Tales of the 146 year old conjuring woman living off Loop Road in South Florida's Big Cypress Swamp. Locals call her Mama Root and know that if they cross her path, they'd best be respectful.
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The Writing and Photographic Art of Phil Penne
She’s a good woman, but don’t get her riled.
She’s uneducated, but don’t dare think you can outsmart her.
She’s small and appears frail, but under no circumstances should you underestimate her as an adversary.
Such is the character of Marguerite MacDomangairt, better known to South Florida locals as Mama Root.
She is a strange and exceptionally old woman living off a very real venue called Loop Road deep in the Big Cypress Swamp of South Florida. In the course of this amazing beldam’s 146 years she has run afoul of shape shifters, hired killers and demonic wraiths inhabiting her dreams. She has heard tell of murderous spinning wheels and horses returned from the dead. She has known material gain and devastating loss, joy and despair, ruby love and the flint of hate.
Should you ever find yourself traveling down Tamiami Trail and see a place called Loop Road, traverse its length and witness its incredible beauty, by all means. But if you go about six miles and, against your better judgment, turn down an eerie looking trail and end up in a general store that is frozen in time, face-to-face with a woman whose very appearance scares you out of a year’s growth, then I can offer only one bit of advice:
You’d best be respectful.
...To his left an aging frame structure struggled up out of the swamp. The skeletal remains of a white picket fence lay strewn around the front and a walkway of rough-hewn cypress planks led to the house. The traveler shut off the engine and watched a thin curl of steam escape from beneath the hood as the scalding water of the radiator loosened the electrical tape. Ap-prehensive in this alien environment he glanced out the driver’s side window, making sure that he wasn’t about to step on a rattle-snake or whatever the hell else they had out here that was poi-sonous. Stepping from the car he trotted aross the expanse of ground between the parking area and the stairs leading up to the boardwalk. He climbed the steps, navigated the expanse of cy-press planks that comprised the walkway and broad front porch and entered the structure. There he found an old woman – old in the most extreme sense of the word – arranging tins of chewing tobacco behind the counter.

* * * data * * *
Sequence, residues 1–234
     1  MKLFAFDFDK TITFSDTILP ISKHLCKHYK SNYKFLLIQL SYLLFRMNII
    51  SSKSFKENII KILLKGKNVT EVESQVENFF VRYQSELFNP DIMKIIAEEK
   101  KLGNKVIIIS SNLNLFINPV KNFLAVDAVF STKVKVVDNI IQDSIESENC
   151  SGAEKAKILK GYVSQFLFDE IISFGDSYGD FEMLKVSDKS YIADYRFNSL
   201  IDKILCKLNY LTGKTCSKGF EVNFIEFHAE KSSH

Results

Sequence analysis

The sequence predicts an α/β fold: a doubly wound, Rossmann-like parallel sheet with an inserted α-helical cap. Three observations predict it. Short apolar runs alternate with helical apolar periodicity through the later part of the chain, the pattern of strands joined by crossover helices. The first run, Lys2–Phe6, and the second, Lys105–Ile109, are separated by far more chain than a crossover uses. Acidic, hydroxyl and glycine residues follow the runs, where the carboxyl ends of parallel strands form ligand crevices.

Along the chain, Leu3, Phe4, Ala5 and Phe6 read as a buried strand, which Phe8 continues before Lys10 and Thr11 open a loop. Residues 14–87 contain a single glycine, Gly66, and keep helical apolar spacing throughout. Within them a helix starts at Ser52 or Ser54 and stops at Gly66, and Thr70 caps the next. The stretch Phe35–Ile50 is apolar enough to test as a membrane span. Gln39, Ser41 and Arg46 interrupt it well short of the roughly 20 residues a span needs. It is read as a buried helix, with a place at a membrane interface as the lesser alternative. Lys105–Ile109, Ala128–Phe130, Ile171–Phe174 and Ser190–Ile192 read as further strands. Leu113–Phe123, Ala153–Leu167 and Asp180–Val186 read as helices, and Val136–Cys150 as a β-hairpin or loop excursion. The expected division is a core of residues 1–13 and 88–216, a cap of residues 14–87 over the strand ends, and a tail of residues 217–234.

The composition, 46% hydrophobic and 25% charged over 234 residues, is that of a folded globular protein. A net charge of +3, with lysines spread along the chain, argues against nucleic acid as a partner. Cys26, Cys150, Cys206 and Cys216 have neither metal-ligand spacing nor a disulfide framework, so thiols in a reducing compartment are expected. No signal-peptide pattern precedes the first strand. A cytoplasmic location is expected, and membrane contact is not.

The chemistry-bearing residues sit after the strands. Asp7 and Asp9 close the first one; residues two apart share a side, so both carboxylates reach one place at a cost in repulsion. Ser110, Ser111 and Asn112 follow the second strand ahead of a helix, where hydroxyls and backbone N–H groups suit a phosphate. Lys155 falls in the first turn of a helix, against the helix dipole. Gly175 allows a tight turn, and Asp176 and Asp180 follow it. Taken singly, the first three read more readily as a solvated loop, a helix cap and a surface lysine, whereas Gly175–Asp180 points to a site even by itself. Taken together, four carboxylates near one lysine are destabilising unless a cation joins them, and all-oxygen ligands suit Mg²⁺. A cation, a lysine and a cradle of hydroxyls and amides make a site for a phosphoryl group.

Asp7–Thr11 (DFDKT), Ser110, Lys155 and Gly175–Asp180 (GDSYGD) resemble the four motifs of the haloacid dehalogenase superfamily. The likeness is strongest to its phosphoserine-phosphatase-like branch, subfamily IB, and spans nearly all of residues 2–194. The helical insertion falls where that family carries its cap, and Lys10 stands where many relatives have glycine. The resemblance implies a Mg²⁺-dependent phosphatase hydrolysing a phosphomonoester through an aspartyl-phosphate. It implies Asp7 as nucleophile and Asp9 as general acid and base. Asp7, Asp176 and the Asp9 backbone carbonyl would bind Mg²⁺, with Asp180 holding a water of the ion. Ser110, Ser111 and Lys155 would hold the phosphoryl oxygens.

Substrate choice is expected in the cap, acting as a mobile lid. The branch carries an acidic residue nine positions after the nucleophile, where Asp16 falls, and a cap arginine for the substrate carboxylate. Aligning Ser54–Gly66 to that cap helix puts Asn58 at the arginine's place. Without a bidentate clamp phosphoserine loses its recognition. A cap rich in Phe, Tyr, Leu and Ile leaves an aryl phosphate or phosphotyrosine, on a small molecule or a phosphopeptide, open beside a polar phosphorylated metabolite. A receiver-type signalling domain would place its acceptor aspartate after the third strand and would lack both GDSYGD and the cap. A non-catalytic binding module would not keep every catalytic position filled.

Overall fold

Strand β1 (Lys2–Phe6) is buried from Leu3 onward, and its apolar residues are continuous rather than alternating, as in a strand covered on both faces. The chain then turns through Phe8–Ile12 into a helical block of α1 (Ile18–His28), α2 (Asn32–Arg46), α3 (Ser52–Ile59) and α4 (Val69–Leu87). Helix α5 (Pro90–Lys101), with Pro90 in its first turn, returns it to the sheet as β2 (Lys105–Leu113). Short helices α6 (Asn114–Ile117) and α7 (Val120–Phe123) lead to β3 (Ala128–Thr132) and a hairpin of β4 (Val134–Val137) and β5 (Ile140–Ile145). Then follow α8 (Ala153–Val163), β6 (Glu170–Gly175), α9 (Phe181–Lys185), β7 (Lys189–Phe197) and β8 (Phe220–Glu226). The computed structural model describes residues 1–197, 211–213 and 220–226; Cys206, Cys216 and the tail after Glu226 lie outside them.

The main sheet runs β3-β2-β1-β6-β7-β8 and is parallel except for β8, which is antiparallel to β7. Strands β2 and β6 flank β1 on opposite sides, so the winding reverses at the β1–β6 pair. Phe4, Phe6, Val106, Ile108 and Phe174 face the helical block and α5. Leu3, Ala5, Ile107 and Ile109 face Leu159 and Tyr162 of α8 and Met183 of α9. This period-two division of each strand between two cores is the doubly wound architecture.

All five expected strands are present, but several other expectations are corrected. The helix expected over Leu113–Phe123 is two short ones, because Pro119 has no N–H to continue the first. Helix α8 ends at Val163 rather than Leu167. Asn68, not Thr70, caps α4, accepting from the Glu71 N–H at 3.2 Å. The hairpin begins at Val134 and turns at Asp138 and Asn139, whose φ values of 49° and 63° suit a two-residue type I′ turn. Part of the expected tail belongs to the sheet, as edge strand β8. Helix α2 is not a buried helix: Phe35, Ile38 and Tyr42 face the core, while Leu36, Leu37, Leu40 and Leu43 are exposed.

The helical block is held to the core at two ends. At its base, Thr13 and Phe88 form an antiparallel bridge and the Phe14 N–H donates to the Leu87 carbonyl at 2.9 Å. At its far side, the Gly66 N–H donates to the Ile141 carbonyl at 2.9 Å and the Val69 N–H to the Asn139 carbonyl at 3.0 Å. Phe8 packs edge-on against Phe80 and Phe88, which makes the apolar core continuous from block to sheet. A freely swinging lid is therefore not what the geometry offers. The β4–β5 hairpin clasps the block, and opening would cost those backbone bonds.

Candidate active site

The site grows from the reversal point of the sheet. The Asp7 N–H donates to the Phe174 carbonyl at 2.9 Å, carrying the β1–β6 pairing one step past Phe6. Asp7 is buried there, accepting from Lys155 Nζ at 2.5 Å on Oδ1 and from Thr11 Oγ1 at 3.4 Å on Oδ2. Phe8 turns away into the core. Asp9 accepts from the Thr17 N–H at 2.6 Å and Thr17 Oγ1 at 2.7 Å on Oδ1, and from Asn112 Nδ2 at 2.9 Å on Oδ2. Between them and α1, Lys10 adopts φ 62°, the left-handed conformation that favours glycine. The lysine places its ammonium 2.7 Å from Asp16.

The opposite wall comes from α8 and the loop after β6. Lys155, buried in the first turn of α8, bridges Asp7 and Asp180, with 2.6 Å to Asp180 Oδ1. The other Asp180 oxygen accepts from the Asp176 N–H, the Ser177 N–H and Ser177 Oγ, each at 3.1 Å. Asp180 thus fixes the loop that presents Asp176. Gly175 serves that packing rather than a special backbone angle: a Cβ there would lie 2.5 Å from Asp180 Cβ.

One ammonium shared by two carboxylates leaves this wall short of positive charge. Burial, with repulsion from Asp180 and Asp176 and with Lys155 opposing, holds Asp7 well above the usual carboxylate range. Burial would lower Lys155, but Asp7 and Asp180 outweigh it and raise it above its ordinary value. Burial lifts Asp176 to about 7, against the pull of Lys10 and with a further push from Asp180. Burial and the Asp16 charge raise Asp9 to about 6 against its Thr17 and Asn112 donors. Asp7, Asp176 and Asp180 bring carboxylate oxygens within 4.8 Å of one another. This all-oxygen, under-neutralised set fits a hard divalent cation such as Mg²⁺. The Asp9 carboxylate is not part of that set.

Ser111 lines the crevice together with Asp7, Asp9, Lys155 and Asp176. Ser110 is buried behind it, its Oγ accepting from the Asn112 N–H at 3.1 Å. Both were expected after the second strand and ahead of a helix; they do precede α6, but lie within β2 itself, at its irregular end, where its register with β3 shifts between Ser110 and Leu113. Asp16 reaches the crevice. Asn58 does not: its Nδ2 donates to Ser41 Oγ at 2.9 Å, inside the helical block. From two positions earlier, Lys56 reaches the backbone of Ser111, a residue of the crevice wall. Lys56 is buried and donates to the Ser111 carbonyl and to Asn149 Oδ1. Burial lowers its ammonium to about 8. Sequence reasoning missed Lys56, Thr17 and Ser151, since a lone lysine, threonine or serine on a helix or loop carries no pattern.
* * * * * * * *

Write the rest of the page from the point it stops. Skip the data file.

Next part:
“Hey, you Mama Root?”
The old woman continued about her work.
“Yo, Mama Root?”
The tins were arranged to her liking and she turned her attention to plastic packets of fish hooks and several pairs of cheap sunglasses hanging from a minnow snare.
“Excuse me, ma’am?”
She turned and smiled. “Sorry, hearin ain’t what it useta’ be. Must notta’ heard you twice’t calling my name.”
He recoiled upon seeing her face. She bore few similari-ties to the living; her features more closely resembled those of a mummy. A thin layer of translucent skin stretched across her skull, with blue veins visible beneath the surface. Dark holes of eyes were sunken into her head, and such teeth as remained her were yellowed and misaligned. Her bone white hair was thin and long, hanging in tangled filaments like Spanish moss. She spoke again in a voice not unlike the sound of a child’s first violin les-son.
“Need a part for your car, do ya’?”...